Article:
A collaboration between an American Jew (producer Tal Recanati) and a non-Jewish German (director Janina Quint), this thoughtful, wide-ranging discussion covers the changing relationship between Jewish and German intellectuals since the Holocaust.
The documentary features lively dinner party dialogue, interrupted regularly by talking heads, including those of Jews who recently chose to settle in Germany for professional reasons. Many describe what it was like to grow up German or Jewish and compare that to living in the country today. Through it all, the camera roams mostly through Berlin, finding old and new evidence of Jewish lives, from the many memorials to new Jewish culinary, cultural, and religious centers.
The older generations have memories full of familiar images: Jews recall lovely childhoods threatened by the appearance of Nazis in the street and their families escaping after Kristallnacht in 1938. The Germans, meanwhile, remember the privations of the war years and afterward, with many families having lost grandfathers.
Younger generations of Jews reflect on how their parents passed down accounts of animosities, and some—the children of survivors who settled in Germany immediately after the war—report growing up amid undercurrents of anti-Semitism. Alexa Karolinski’s Oma & Bella (2012) explored more how some concentration camp survivors, with no family left and rejected back in Eastern Europe, felt no pull toward Palestine, and so they viewed occupied Germany as comparatively safer and more welcoming than other options.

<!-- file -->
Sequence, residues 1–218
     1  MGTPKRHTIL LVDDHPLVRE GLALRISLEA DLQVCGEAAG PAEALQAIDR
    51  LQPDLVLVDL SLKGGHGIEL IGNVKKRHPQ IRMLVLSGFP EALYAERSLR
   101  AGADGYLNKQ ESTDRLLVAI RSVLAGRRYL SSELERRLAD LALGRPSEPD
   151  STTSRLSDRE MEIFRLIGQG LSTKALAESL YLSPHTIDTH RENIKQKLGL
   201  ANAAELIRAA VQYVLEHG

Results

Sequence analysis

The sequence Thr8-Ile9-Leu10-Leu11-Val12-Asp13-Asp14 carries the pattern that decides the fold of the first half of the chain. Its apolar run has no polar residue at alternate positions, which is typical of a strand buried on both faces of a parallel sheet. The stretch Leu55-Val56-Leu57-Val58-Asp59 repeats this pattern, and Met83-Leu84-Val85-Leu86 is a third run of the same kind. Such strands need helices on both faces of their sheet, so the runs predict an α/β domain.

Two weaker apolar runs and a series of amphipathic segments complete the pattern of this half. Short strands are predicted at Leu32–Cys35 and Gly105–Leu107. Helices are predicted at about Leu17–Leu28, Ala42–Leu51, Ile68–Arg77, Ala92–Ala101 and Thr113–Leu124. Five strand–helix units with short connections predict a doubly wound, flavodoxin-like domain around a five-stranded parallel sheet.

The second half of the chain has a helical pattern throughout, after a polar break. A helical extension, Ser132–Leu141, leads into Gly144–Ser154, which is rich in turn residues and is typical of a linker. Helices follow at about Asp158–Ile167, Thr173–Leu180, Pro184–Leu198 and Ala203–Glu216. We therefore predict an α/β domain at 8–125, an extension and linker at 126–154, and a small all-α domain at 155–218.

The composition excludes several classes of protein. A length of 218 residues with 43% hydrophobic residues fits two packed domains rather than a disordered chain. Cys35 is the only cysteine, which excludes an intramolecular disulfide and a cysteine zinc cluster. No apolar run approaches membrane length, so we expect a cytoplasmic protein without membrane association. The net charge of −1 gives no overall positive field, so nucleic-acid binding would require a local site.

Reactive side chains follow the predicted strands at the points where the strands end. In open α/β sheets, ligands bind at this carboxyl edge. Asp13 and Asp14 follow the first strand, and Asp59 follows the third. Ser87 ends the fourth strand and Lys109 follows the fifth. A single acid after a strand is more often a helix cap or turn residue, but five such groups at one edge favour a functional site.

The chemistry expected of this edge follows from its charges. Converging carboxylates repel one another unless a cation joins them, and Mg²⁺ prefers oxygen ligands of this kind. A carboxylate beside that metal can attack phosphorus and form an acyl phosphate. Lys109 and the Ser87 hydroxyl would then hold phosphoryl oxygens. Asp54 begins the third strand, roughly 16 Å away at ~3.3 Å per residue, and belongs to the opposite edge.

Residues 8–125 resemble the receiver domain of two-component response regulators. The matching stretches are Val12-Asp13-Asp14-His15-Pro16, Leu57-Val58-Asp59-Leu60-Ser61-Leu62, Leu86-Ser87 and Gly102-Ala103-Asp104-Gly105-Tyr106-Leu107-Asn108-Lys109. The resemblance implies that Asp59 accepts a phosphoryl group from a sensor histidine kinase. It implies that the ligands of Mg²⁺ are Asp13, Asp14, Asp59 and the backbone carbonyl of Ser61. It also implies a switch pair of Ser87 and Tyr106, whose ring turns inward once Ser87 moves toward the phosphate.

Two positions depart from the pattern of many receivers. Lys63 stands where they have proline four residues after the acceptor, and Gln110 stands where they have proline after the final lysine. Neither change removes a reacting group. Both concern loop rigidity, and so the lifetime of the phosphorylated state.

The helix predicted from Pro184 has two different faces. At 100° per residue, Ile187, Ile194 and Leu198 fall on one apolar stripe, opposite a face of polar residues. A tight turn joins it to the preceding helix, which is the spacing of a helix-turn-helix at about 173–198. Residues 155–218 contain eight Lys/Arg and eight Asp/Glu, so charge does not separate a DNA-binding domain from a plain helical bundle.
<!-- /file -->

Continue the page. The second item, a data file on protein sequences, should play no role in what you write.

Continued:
Journalists and historians muse on the impact of the required Holocaust education in the West German school curriculum, particularly in comparison to the lack of it in East Germany, as the Communist leadership insisted Nazis were only from the west, and so no lessons were needed. Several interviewees insightfully note that the tributes to Nazi victims, as well as educational exposés of the perpetrators, were initiated by grassroots activists as opposed to the government.
In determining how Berlin came to have the fastest growing Jewish population in Europe, much is attributed to the families of émigrés from the former Soviet Union, who could only leave, as one man chuckles, on “the Jewish ticket.” There is also a too brief visit to the encyclopedic Jewish Museum in Berlin, including its noted Jew in the Box live conversational exhibit in 2013. (Arnon Goldfinger’s The Flat (2011) marvelously portrayed the blend of German/Jewish cultural characteristics considered so distinctive that Israelis sarcastically call them Yekkes.)
Some naiveté goes awkwardly unexamined. The Israeli hipster musicians and artists who have flocked to Berlin seem pretty clueless about how to be a minority in the new multicultural society there, in terms of talking sensitively with others. Similarly, the Chabad-Lubavitch rabbi’s enthusiasm is portrayed as somehow a unique approach to reviving (ultra-Orthodox) Judaism in Germany. However, his recruitment speech is the same one any of his organization’s missionaries give anywhere in the world.
Overall, this articulate documentary doesn’t come close to being as visually compelling or moving as the exploration of contemporary Polish Jewish identity and relations in Adam Zucker’s The Return, which has been making the festival rounds for the past couple of years. Nevertheless, Germans & Jews serves as a useful and revealing where-are-we-now marker.
Produced by Quint, Tal Recanati and Maria Giacchino
Released by First Run Features
English and German with English subtitles
USA. 76 min. Not rated